Don’t Try this at Home! ‘Homegrown’ fertilizer was a difficult, dangerous brew to produce

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Right: An early New Idea manure spreader with New Idea’s patented widespread paddles at the rear. (From the 50th Anniversary booklet published in 1949 by the New Idea Division of the Avco Manufacturing Corp. at Coldwater, Ohio; author’s collection.)

The following recipe for mixing your own fertilizer,
using ground animal bones, appeared in an 1877 issue of the
Farm Journal:

“Select a good wooden barn floor or make a box of thick plank,
laid tight. On this first throw the bones. If not ground very fine,
it would be well to sift them, and place only the coarser part on
this floor, putting the finer portion aside for mixing in
afterward. By this means, the coarse bone will come in contact with
the strong acid first, and be more effectually acted upon by it,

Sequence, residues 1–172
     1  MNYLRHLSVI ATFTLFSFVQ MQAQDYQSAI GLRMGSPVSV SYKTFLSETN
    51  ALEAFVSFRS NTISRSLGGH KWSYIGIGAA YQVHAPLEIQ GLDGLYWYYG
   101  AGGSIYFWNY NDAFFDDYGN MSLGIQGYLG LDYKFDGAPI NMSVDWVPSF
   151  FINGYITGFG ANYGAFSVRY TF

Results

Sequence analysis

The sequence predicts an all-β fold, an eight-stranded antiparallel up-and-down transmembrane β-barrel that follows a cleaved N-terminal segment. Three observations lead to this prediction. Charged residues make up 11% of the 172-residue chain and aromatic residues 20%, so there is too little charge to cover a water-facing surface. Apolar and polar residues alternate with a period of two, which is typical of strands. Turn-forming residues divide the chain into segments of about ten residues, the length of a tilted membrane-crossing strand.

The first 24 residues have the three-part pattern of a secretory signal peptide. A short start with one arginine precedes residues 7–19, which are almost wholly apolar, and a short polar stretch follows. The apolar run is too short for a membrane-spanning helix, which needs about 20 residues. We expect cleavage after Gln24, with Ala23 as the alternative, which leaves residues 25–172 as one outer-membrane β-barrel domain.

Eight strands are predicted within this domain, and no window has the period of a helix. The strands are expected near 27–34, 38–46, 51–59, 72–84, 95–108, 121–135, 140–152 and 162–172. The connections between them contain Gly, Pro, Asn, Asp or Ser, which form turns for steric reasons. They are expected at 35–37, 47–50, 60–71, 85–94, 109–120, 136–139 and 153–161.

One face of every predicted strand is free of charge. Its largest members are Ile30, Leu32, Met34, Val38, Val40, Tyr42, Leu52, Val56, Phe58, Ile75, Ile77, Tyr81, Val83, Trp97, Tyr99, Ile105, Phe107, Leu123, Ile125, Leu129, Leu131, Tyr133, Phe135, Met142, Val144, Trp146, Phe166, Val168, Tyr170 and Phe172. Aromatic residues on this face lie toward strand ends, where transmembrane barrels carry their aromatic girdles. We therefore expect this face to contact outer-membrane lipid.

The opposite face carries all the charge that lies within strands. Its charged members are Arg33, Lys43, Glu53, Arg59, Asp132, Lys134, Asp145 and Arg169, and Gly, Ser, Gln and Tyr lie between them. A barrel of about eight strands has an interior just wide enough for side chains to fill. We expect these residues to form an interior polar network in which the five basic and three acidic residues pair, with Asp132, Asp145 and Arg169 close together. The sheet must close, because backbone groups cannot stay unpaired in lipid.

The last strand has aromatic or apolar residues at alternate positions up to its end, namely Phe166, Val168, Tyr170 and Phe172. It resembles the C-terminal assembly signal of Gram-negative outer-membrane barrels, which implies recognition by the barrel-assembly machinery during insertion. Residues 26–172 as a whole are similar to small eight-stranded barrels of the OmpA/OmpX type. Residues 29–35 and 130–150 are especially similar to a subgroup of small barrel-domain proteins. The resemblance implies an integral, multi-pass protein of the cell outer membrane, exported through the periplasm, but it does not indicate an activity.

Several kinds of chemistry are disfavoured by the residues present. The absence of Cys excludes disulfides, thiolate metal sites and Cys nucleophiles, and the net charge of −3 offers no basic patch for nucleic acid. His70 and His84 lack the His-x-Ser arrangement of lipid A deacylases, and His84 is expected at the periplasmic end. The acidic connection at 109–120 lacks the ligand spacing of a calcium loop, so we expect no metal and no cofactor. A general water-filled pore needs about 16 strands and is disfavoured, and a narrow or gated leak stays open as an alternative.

while the finer parts can then be added to dry up. Water, equal to
about one-fourth the weight of the bone, is first to be poured upon
it, well stirred in with a spade or hoe, and left for two or three
days to heat and ferment; if convenient, it would be well to use
the water boiling hot. After the bones have fermented, add the oil
of vitriol (sulphuric acid), mixing well with a wooden spade or
board; the mass effervesces or boils; stir thoroughly twice a day
for two days, so as to turn the whole mass over; let it stand for
two or three days to dry; add the fine bone and mix it in well. If
not dry, use some absorbing substance, as sawdust, dry peat or
muck, or dry earth, in small quantities, and mix well. Do not use,
for this purpose, lime, ashes or marl, as they would destroy the
super-phosphate and spoil the whole work.

“Now, when your super-phosphate has become thoroughly dry, the
addition of sulphate of magnesia, muriate of potash, nitrate of
soda, land plaster (gypsum) or other elements which are to compose
your complete fertilizer may be made. Stir them in thoroughly one
at a time, reserving the land plaster to be worked in the last

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